5 steps to a branded video that doesn’t feel like an ad

It’s brainstorming time: you’re gathered with your marketing team in a small room, an empty whiteboard leering menacingly at you. The mission: create a YouTube ad for your brand. And then someone asks the inevitable question: “How do we make this go viral?”

Stop right there. The question you should be asking instead: “How can we create a video that viewers will choose to watch?”

Here are a few tips to keep in mind when your brand is creating an ad for YouTube. (We define “ad” here as a video designed to be distributed through TrueView or a promotional video living on your brand channel.)

1. Keep your target demo top of mind

If you’re marketing diapers, why try to create a video that’ll appear to everyone, including 13- to 17-year-old-males? If you’re running an effectively targeted campaign through TrueView, these viewers (when logged in) won’t see your ad at all. And we can promise you male teens won’t be actively searching for your diapers video or your diapers channel page either.

2. Aim to elicit emotion or reaction

Think of a YouTube video you’ve enjoyed recently. Most likely it made you laugh, made you cry, or was just plain awesome. (Shout out to Action Movie Kid, a relatively new face on the platform, and to Kid President, a seasoned veteran, for making videos that consistently fall in the third category.)

3. Don’t force branding down viewers’ throats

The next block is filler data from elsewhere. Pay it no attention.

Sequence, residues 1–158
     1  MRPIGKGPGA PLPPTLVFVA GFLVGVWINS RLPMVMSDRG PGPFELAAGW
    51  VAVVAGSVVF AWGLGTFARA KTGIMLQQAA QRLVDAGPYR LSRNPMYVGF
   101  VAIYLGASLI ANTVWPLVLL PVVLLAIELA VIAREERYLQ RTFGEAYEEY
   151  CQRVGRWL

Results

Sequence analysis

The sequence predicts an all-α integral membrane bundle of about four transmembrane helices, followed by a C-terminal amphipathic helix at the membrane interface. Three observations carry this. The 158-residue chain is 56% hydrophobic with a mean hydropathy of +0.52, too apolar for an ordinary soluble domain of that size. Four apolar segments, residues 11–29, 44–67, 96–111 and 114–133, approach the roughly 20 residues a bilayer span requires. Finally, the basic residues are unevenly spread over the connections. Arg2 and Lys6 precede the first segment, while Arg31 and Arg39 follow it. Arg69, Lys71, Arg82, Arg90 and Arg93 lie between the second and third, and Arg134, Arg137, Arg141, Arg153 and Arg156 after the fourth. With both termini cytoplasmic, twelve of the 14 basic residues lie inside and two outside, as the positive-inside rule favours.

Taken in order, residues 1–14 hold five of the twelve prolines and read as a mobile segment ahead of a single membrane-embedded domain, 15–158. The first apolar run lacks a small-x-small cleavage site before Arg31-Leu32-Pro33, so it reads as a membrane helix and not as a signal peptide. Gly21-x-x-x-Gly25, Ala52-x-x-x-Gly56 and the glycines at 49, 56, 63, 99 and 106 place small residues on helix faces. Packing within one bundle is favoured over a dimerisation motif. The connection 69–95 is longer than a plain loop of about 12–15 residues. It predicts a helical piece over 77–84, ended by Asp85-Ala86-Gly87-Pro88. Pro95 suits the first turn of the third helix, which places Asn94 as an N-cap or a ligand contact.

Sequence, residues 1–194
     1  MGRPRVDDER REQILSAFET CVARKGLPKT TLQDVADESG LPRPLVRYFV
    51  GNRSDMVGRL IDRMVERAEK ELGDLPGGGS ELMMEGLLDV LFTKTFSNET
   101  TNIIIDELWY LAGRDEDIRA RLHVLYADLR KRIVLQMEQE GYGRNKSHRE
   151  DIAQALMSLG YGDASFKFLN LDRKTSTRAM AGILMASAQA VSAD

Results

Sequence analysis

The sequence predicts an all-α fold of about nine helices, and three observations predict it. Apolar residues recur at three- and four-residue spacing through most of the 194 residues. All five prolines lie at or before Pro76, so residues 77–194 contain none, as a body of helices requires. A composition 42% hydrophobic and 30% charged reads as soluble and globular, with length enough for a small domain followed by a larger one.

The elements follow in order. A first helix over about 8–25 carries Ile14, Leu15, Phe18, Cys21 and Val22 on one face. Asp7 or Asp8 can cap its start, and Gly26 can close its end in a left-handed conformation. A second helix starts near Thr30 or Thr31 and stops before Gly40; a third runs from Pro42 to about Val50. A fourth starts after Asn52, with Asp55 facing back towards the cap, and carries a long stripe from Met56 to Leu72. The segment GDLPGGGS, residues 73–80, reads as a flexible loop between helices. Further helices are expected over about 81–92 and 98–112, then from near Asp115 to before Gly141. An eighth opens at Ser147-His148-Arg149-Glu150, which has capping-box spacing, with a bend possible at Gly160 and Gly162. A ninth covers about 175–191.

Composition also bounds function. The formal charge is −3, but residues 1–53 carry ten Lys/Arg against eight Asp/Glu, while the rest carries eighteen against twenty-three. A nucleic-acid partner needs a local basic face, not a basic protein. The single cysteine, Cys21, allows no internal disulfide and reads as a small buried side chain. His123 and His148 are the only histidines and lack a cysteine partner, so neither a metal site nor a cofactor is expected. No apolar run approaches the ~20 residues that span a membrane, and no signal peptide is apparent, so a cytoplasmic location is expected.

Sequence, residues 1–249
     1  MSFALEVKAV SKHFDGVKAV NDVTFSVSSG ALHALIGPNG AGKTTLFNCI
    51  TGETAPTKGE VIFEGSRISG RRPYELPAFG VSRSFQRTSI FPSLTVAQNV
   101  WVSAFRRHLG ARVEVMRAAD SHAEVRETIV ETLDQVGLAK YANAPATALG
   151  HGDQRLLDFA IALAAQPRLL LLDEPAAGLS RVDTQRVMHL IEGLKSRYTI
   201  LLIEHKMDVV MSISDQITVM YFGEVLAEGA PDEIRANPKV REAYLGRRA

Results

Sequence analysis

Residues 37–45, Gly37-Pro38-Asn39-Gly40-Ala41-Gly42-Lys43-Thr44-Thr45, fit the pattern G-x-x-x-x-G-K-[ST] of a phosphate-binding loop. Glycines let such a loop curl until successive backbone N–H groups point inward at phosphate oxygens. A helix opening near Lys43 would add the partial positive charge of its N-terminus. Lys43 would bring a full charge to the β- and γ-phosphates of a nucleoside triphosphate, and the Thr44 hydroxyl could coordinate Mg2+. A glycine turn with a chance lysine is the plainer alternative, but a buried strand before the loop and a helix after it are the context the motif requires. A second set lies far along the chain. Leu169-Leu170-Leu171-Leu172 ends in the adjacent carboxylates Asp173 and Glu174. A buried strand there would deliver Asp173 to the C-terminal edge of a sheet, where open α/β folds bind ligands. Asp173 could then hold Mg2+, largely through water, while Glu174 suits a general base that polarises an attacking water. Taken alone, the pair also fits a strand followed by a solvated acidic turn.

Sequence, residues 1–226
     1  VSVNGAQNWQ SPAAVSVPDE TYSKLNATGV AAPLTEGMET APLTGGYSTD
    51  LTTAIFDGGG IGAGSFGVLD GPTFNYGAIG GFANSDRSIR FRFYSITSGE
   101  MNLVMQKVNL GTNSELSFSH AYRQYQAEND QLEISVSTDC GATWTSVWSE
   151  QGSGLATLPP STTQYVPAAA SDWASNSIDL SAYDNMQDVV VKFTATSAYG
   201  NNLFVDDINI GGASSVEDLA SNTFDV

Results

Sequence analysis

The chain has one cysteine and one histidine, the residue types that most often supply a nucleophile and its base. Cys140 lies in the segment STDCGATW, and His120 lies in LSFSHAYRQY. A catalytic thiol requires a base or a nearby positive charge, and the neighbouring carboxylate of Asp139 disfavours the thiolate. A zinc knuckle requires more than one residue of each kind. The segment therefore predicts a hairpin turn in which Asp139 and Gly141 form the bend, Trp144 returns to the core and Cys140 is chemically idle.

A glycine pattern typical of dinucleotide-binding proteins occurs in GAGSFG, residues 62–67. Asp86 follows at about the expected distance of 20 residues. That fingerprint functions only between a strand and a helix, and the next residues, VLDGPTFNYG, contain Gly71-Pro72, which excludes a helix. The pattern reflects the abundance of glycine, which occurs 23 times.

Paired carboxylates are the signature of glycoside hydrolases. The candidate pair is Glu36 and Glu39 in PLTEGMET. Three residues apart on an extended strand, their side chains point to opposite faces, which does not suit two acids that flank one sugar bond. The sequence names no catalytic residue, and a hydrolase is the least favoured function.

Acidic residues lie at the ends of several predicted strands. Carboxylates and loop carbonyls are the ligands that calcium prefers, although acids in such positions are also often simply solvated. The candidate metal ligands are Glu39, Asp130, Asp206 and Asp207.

A video that’s trying not to be ad but still has blatant branding can leave a bad taste in viewers’ mouths. As counterintuitive as it may seem, focus first on the quality of your video and second on your branding. If your video packs an emotional punch, include branding right at the end—just as viewers are contemplating what they saw—rather than insert overt branding repeatedly throughout the video.

4. Think shareable

What motivates someone to share a video, whether or Facebook, Twitter, or reddit? Above all, it has to be short enough to be shared. Many viewers consume such videos at work, and no one wants to risk getting caught or fired by the boss—no matter how great that 17-minute-long interview supposedly is.

5. Ban “viral” from your vocabulary

Viral is a win—there’s no arguing with that. It gets your brand word-of-mouth traffic and increased awareness and impressions. But you can’t force viral, and you should aim not for high visibility on a single video but for sustainability. Rather than shoot one video and pin all your brand’s hopes and dreams on it, ensure you can maintain a consistent release schedule, high production quality, and a targeted promotional strategy.

In short: think shareable, think sustainable, think targeted—and above all, think of your favorite videos on YouTube, and try to create a video that’s worthy of placement on someone else’s favorites list.